Collaborating towards Berlin Food Policy: Exploring civic-state collaboration in current urban food governance in Berlin – The Case of the Berlin Food Strategy

dinah thesis coverDinah Hoffman, MSc student Communication, Health and Life Sciences
Specialization: Health and Society, Wageningen University

Below please find the abstract of the MSc thesis Collaborating towards Berlin Food Policy: Exploring civic-state collaboration in current urban food governance in Berlin – The Case of the Berlin Food Strategy

The full thesis can be downloaded from the WUR-Library by clicking on the hyperlink

 

Urban food policy is an area that joins actors from civil society, academia, the local state and the market. To accomplish sustainable changes of local food systems these actors work together in governance arrangements. Two prominent instruments that are used in urban food governance where these actors collaborate are the food policy council and the urban food strategy. Both can be initiated through top-down or bottom-up processes or a combination of both with the relationship of local government and civil society having an impact on the success of the initiatives. One of the cities where civil society and local government engage in collaborative food governance is the city-state of Berlin, the biggest city in Germany, surrounded by the agricultural region of Brandenburg. Drawing on data from 11 interviews and 40 documents, this thesis describes and examines the nature of the relationship and governance arrangement of the two main actors in current Berlin food governance. The collaborative governance framework, a categorization of civic-state relationships found in urban food governance and the concepts of integrated food policy and institutionalization were used to guide the analysis. The objective of this thesis is to understand how civic-state collaboration in urban food governance looks like in Berlin, what impact the local context has on the development of the governance arrangement and what strengths and challenges involved stakeholders perceive. The two main stakeholders were found to be the civic food policy council Ernährungsrat Berlin and the Berlin Senate Administration for Consumer Protection. It was found that the Ernährungsrat Berlin’s food policy activity brought forward a relationship where they are striving for independence but are linked to the government through a secondary agency, being the aforementioned administrative department. Although not embedded in municipal institutions, which has been identified as crucial for a food policy councils’ success, the Ernährungsrat Berlin proved to be an agile and resilient structure able to successfully be an independent advocate for civil society and a valued advisor to the government. Their collaboration resulted in the development of a Berlin Food Strategy. In this thesis I investigate the process of developing this strategy as a form of collaborative governance. Regarding their governance arrangement around the Berlin Food Strategy, the involvement of the Green Party in the current coalition was found to have had a big impact on the position the Ernährungsrat Berlin but also food policy was able to occupy on the urban agenda. This research identified a number of strengths and challenges of the governance arrangement including a strong interdependence, a strong and long history of civic action, the presence of political food champions in the coalition and the administration, the limiting structure and functioning of the Senate administrations and the limited inclusiveness and representatives of the Ernährungsrat Berlin.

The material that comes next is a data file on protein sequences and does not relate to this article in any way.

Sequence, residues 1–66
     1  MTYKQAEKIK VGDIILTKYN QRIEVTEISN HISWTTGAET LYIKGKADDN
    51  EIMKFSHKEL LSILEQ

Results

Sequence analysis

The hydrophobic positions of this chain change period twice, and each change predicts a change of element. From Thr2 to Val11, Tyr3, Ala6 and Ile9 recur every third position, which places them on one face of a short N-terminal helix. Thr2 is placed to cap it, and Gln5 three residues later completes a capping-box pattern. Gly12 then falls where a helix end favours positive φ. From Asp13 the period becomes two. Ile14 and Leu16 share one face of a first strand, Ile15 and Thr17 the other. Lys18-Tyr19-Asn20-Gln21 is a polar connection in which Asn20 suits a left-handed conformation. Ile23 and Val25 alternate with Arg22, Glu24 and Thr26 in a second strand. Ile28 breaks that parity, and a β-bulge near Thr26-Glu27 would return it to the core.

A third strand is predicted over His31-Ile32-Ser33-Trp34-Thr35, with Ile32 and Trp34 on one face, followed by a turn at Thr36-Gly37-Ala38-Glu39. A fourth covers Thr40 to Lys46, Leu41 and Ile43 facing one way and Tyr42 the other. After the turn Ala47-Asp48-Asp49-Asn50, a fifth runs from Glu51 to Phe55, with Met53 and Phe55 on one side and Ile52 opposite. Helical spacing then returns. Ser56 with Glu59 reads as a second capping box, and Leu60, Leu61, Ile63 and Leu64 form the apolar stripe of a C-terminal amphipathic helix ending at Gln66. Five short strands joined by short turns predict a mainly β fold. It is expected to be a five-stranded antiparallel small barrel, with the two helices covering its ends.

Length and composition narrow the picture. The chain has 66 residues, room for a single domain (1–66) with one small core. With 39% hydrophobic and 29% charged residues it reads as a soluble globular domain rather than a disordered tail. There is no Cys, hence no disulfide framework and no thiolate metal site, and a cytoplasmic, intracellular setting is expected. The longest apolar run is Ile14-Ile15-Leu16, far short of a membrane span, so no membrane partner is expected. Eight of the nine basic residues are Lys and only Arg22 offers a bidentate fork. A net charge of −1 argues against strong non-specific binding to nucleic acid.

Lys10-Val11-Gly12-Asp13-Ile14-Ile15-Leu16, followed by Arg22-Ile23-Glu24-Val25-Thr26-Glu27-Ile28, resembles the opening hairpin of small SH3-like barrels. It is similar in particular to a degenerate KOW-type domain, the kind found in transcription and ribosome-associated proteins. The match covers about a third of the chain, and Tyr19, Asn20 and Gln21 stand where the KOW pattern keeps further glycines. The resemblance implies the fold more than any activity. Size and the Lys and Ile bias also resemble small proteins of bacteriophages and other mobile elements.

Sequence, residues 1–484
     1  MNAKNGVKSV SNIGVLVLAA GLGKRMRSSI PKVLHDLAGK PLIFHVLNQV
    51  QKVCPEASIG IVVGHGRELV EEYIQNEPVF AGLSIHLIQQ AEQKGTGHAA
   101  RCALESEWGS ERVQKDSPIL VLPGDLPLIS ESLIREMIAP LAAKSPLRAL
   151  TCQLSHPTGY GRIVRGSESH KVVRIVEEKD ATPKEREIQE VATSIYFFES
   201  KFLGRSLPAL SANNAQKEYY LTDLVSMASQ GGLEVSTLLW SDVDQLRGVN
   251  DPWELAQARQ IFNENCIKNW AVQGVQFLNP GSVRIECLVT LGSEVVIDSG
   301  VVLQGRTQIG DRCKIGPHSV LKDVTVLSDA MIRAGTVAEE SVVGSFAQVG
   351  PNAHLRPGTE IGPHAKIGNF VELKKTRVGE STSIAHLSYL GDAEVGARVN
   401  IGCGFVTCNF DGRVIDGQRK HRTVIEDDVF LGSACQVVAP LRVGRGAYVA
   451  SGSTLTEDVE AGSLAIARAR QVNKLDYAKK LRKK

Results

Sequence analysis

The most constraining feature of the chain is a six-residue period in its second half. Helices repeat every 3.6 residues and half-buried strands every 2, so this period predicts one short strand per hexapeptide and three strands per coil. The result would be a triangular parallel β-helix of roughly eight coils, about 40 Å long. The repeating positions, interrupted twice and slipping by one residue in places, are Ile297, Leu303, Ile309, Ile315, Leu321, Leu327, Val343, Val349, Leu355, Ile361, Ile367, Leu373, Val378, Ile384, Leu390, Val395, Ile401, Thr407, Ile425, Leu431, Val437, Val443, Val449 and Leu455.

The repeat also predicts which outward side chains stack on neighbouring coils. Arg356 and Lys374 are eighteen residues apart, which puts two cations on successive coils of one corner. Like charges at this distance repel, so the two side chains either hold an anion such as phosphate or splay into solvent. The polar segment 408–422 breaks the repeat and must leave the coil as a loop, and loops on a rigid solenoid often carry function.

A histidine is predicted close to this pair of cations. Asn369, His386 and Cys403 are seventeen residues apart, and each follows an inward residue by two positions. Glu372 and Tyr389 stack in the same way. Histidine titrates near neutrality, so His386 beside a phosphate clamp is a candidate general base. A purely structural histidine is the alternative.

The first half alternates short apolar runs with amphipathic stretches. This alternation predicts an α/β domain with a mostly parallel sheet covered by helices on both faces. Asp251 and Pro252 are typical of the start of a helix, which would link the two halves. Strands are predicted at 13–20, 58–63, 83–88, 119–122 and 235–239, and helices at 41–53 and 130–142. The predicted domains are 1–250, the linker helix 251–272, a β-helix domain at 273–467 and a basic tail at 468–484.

Key words: urban food governance, urban food policy, food policy council, urban food strategy, collaborative governance, Berlin food strategy, Ernährungsrat Berlin, Senate of Berlin